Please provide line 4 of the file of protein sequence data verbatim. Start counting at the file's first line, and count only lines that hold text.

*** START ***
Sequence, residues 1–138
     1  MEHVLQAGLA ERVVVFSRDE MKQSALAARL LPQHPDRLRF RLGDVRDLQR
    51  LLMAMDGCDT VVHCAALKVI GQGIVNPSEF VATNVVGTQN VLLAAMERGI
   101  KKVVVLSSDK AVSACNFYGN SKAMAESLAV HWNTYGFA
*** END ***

   101  KKVVVLSSDK AVSACNFYGN SKAMAESLAV HWNTYGFA